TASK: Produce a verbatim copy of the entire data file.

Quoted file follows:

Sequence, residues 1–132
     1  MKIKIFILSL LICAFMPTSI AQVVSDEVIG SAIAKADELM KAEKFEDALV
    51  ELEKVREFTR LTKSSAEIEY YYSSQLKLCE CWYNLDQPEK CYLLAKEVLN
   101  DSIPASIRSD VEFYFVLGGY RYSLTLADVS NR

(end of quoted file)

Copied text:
Sequence, residues 1–132
     1  MKIKIFILSL LICAFMPTSI AQVVSDEVIG SAIAKADELM KAEKFEDALV
    51  ELEKVREFTR LTKSSAEIEY YYSSQLKLCE CWYNLDQPEK CYLLAKEVLN
   101  DSIPASIRSD VEFYFVLGGY RYSLTLADVS NR